Editing by the director’s son, Bahman, allows the performances to play out in uninterrupted takes, and the three principals – especially Okuno, who provides a deliciously deadpan mix of reverie and wisdom – acquit themselves extremely well. If the subtlety of the direction recalls the late work of Yasujiro Ozu (to whom this movie can in some ways be considered a homage), Kiarostami still manages to pull the “slow cinema” rug out from under us by literary ending things with a bang.
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Re: 2012 Cannes Line-up

Postby Sonic Youth » Sun May 20, 2012 8:21 am

The Hunt
20 May, 2012 | By Fionnuala Halligan
Screeendaily

Dir: Thomas Vinterberg. Denmark. 2012. 106mins



An energised Thomas Vinterberg powers into a rural Danish community with devastating effects in The Hunt, a confident return to form - and some familiar themes - for the co-writer-director. Daring to force his narrative right up against the edge of credibility, Vinterberg uses the hot-button topic of child abuse to push and probe at a town’s close-knit facade until the wounds bubble up angrily to the surface.

Early plotting here is fast, so fast that it can sometimes feel false. But any initial doubts that this might prove to be simply a beautifully-crafted TV-movie are expertly laid waste as The Hunt, propelled by Mads Mikkelsen in an everyman role, hits home - and hits hard. Given the right critical backing, Trust Nordisk should see this expertly made film notch up strong international exposure; a Cannes prize would help, of course, and Mikkelson at least must be a contender for an outstanding performance as Vinterberg’s sacrificial lamb.

The issue of children making false accusations of sexual abuse is ground which has been travelled cinematically before, from The Children’s Hour (which started life as a play in 1934) to The Good Mother. It is acknowledged to rarely happen, although when The Hunt seems difficult to accept, the memory of the Cleveland abuse hysteria in the UK alone is enough to lend it some solid legs.

In it, Mikkelsen plays Lucas, a humble, self-effacing kindergarten teacher recovering from a bitter divorce and separation from his son Markus (a warm performance by young actor Fogelstrom). Vinterberg efficiently and unambiguously sets the action up with the film taking place over the months of November and December. We see five-year-old Klara, the daughter of Lucas’s best friend Theo (Bo Larsen) make her allegation; we know why she has done it; and we also know that Lucas is innocent.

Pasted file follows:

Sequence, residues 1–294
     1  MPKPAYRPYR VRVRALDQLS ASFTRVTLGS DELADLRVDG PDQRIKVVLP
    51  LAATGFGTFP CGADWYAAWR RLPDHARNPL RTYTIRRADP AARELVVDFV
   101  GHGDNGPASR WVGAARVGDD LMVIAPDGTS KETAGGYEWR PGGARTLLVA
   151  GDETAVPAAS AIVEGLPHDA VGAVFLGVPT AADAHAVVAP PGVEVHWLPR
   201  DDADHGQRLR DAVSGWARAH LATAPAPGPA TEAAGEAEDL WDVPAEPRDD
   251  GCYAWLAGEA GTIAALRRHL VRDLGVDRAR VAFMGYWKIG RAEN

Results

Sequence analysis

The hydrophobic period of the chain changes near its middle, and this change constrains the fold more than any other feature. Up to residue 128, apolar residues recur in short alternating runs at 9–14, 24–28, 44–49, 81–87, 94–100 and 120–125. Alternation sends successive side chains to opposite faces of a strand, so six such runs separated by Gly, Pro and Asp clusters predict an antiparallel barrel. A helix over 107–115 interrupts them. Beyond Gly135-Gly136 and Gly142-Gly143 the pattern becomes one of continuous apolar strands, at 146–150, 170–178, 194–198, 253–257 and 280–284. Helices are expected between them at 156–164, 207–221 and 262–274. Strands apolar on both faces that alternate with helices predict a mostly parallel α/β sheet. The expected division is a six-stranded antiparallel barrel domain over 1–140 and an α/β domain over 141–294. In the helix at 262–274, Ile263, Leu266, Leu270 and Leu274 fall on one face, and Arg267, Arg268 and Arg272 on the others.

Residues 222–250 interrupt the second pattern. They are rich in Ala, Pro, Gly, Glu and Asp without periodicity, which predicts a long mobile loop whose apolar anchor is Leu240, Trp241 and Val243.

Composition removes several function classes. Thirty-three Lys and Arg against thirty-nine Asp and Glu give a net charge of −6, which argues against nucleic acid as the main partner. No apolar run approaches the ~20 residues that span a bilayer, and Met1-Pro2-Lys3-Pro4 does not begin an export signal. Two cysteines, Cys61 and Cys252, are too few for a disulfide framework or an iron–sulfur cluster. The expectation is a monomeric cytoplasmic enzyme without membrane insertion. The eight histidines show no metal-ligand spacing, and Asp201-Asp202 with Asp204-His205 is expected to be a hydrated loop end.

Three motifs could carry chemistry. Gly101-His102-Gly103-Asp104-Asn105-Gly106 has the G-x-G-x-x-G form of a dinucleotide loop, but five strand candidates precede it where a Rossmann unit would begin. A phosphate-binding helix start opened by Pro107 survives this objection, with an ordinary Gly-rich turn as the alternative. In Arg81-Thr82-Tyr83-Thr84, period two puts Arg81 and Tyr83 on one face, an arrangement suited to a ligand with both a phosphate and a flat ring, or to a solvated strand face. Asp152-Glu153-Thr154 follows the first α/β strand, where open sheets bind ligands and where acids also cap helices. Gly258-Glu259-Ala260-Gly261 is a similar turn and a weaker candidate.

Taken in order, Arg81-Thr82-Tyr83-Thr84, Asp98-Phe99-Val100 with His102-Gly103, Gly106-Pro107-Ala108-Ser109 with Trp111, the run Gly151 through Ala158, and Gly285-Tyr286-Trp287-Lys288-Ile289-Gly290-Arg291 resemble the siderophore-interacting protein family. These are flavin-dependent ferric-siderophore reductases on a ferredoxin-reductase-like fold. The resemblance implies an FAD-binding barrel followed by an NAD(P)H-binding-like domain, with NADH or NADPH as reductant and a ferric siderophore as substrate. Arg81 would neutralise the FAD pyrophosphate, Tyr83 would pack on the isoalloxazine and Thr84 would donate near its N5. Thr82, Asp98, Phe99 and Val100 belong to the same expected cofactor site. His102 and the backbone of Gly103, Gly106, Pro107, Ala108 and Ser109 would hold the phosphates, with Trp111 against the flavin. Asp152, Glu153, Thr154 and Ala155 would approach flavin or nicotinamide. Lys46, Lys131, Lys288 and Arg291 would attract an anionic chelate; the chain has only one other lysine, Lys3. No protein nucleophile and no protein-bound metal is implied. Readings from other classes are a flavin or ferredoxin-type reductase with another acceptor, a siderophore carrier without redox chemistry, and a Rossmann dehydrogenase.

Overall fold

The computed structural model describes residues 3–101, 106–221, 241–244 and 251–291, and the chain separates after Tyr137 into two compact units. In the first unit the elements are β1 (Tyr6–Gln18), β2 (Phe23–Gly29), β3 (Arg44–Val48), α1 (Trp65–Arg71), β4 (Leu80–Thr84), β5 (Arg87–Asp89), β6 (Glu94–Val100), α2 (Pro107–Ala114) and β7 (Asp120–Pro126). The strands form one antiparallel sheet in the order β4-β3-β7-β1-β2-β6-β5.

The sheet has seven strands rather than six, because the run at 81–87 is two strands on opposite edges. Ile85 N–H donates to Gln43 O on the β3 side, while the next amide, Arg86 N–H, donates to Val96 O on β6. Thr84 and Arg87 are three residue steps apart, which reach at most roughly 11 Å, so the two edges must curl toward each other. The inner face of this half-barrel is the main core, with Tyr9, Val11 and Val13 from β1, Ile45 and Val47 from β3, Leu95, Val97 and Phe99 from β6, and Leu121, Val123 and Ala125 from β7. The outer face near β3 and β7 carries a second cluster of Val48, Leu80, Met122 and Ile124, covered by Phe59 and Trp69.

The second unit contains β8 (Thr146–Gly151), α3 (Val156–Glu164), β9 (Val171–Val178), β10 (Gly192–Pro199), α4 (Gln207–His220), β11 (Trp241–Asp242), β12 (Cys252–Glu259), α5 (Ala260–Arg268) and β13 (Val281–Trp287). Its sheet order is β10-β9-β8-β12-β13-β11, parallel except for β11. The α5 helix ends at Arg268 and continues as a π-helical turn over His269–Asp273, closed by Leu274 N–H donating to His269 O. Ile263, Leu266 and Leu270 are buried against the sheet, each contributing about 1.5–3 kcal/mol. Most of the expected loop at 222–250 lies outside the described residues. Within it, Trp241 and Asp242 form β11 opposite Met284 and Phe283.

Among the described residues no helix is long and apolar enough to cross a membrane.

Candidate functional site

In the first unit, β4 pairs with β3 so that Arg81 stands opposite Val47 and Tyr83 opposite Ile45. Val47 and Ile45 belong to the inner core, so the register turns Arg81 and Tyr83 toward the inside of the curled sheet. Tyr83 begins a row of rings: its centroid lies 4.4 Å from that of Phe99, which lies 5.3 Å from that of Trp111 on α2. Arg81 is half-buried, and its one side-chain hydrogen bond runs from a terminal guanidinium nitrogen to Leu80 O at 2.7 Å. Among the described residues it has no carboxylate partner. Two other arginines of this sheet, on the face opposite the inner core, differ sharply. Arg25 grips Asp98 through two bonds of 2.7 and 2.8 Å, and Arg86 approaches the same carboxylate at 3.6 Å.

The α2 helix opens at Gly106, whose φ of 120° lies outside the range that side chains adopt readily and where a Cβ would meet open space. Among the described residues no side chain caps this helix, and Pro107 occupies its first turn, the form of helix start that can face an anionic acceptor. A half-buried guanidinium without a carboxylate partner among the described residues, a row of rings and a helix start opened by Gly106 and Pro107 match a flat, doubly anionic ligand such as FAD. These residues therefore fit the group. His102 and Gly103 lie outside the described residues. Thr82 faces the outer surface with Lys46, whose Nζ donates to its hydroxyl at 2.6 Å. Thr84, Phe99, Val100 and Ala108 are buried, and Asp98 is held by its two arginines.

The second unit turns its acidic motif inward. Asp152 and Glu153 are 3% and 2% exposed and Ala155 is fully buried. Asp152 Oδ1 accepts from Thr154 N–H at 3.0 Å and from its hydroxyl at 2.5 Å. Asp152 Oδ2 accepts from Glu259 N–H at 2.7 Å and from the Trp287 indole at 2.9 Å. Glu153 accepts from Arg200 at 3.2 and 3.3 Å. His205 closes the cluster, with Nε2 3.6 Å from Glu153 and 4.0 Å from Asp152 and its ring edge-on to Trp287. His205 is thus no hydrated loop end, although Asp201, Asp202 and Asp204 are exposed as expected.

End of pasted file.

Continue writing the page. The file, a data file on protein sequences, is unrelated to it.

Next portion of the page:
The ensuing bridge is where The Hunt stumbles in its chase, with Vinterberg and co-writer Tobias Lindholm requiring the entire community to immediately and virulently turn against Lucas. Not content with immediately calling a meeting of parents which turns one hesitant allegation into widespread child abuse, experienced school head Grethe (Susse Wold) phones Lucas’s ex-wife and son to inform them personally. And despite a life-long friendship with Lucas, Theo refuses to even countenance asking his child what happened. When Klara tries to tell her mother Agnes (Hassing), she refuses to listen.

However, once The Hunt’s mission is accomplished, and Lucas is abandoned, the film takes off with Vinterberg reveling in the opportunity to contrast the ugliness of human nature against the glowing beauty of the Danish landscape. It’s 14 years since Festen made his name here in Cannes and, as is well documented, Vinterberg has stumbled since that early success. But The Hunt doesn’t just witnesses a return to form, it also examines similar themes. While technically, it inhabits another planet to the breathless Dogme film (Charlotte Bruus Christensen’s frames are fixed and lustrous, and take The Hunt outside, while Festen was an interior chamber piece) the central issue of truth and lies splitting a community lingers - and how people choose what they will believe in.

Vinterberg clearly enjoys picking at the illusion of brotherhood amongst these childhood friends and primal deer-hunters who boast an easy, beery male camaraderie that is only surface-deep. As the early-morning steam rises to greet them, there’s a sense of creeping menace and a fear that The Hunt will claim a sacrifice. And having played fast and loose earlier on in the piece, Vinterberg keeps the faith to The Hunt’s last heart-stopping frame.
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Re: 2012 Cannes Line-up

Postby Sonic Youth » Sun May 20, 2012 8:19 am

The Hunt: Cannes Review
by David Rooney
Hollywood Reporter


CANNES – Thomas Vinterberg burst onto the international scene in 1998 at Cannes with Festen (The Celebration), a malevolently comic drama in which the ugly truth of childhood sexual abuse poisoned the air and blew away the happy hypocrisy of a family reunion. In the Danish director’s most powerful film since then, The Hunt, the charge of pedophilia again plays an explosive role, only this time the allegation is based on an impulsive lie, making it even more bitter when the fallout spirals violently out of control. It’s difficult to watch but riveting.

Propelled by Mads Mikkelsen’s shattering performance as the blameless man whose life threatens to be destroyed, the film is superbly acted by a cast that never strikes a false note or softens the impact with consolatory sentiment. The same strengths distinguish Vinterberg and Tobias Lindholm’s screenplay, which spins a psychological horror story rooted at every step in credible reality.